Misappropriating trade secrets is a tort. See MSC.Software Corp. v. Altair Eng’g, Inc.,
No. 07-12807, 2016 WL 1714873, at *2 (E.D. Mich. Jan. 7, 2016). Generally, one is liable in tort
for injuries that he proximately caused. See Schultz v. Consumers Power Co., 506 N.W.2d 175,
177 (Mich. 1993); Cassidy v. Kraft-Phenix Cheese Corp., 280 N.W. 814, 819 (Mich. 1938).
MUTSA’s damages provision does not appear to create an exception to the general rule: it
permits recovery for “the actual loss caused by misappropriation.” Mich. Comp. Laws
§ 445.1904. True, it also permits recovery for “the unjust enrichment caused by
misappropriation,” but that remedy is only to compensate for damages “not taken into account in
computing actual loss.” Id. Thus, even if it is ParaPy B.V. that is licensing ParaPy Software,
Genworks may still recover from Van Dijk under MUTSA so long as his disclosure or use of
Genworks’ trade secrets proximately caused ParaPy B.V.’s licensing. That is plausible:
Genworks has pled that Van Dijk disclosed and used its trade secrets in creating ParaPy
Software, that Van Dijk is the founder, CEO, and owner of ParaPy B.V., and that ParaPy B.V.
licenses ParaPy Software.
With all that has been said, a summary is appropriate.
Regarding personal jurisdiction, viewing the submissions in the light most favorable to
Genworks, Genworks has carried its “relatively slight” burden of showing that this Court may,
consistent with the Due Process Clause, require Van Dijk to defend claims based on the NonDisclosure/Non-Compete Agreement in this forum. The remainder of Genworks’ claims overlap
with those based on the Non-Compete Agreement such that the increased burden on Van Dijk of
defending all of Genworks’ claims in this forum does not offend due process. Thus, this Court
may exercise personal jurisdiction over Van Dijk with respect to all claims.
Regarding the doctrine of forum non conveniens, substantial deference is owed to
Genworks’ choice of this forum and, save for Genworks’ claim under Dutch copyright law, Van
Dijk has not shown that this forum is so inconvenient as to overcome that deference. As to the
Dutch copyright claim, the Court will dismiss that claim if, within seven days of this order, Van
Dijk files a stipulation agreeing to the following: (1) that if sued in the Netherlands for copyright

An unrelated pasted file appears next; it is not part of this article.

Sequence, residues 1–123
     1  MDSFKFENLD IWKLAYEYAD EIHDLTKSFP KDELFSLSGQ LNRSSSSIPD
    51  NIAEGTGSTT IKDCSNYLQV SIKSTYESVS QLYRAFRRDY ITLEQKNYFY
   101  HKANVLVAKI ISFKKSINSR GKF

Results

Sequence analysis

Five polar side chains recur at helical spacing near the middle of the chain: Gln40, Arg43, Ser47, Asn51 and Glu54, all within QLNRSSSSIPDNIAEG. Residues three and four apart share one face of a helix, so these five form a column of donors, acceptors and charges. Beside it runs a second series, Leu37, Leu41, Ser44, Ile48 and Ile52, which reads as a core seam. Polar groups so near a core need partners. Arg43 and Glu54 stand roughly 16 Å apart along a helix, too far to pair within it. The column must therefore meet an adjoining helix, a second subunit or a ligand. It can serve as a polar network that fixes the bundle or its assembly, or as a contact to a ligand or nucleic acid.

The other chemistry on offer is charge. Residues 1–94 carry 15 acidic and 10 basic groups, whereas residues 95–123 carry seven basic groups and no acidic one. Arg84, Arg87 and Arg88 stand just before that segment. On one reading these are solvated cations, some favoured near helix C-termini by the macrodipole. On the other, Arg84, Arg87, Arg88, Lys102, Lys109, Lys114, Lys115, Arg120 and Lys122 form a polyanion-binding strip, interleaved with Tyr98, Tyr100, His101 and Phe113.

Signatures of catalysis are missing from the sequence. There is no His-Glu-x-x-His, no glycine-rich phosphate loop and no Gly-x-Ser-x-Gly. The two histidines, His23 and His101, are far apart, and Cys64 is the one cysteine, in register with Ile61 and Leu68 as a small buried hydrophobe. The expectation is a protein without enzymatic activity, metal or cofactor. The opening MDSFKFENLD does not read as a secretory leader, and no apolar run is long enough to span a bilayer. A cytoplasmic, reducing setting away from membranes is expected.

infringement based on the facts of this case, he will not contest jurisdiction and will accept
process, (2) that any statute-of-limitations defense to the Dutch copyright claim that did not exist
prior to the filing of this case is waived, and (3) that Genworks may refile its Dutch copyright
claim in this case should Dutch courts deny jurisdiction. See Solari v. Goodyear Tire & Rubber
Co., 654 F. App’x 763, 767–68 (6th Cir. 2016). The Court will not dismiss or transfer the
remaining claims in this case under the doctrine of forum non conveniens.
Regarding Rule 12(b)(6), Van Dijk has persuaded the Court that Genworks has not
adequately pled that he breached the AGPL and that he violated the U.S. Copyright Act. Van
Dijk’s other arguments under Rule 12(b)(6) are either not adequately developed or unpersuasive.
Accordingly, Van Dijk’s motion to dismiss (R. 15) is GRANTED IN PART and
DENIED IN PART. Count I is DISMISSED WITHOUT PREJUDICE insofar as it asserts that
Van Dijk breached the AGPL, Count IV (asserting a violation of U.S. copyright law) is
DISMISSED WITH PREJUDICE in its entirety, and Count V (asserting a violation of Dutch
copyright law) is conditionally DISMISSED WITHOUT PREJUDICE. All other claims are
properly before the Court.
s/Laurie J. Michelson
LAURIE J. MICHELSON
U.S. DISTRICT JUDGE
Dated: September 7, 2017
CERTIFICATE OF SERVICE
The undersigned certifies that the foregoing document was served upon counsel of record
and any unrepresented parties via the Court=s ECF System to their respective email or First Class
U.S. mail addresses disclosed on the Notice of Electronic Filing on September 7, 2017.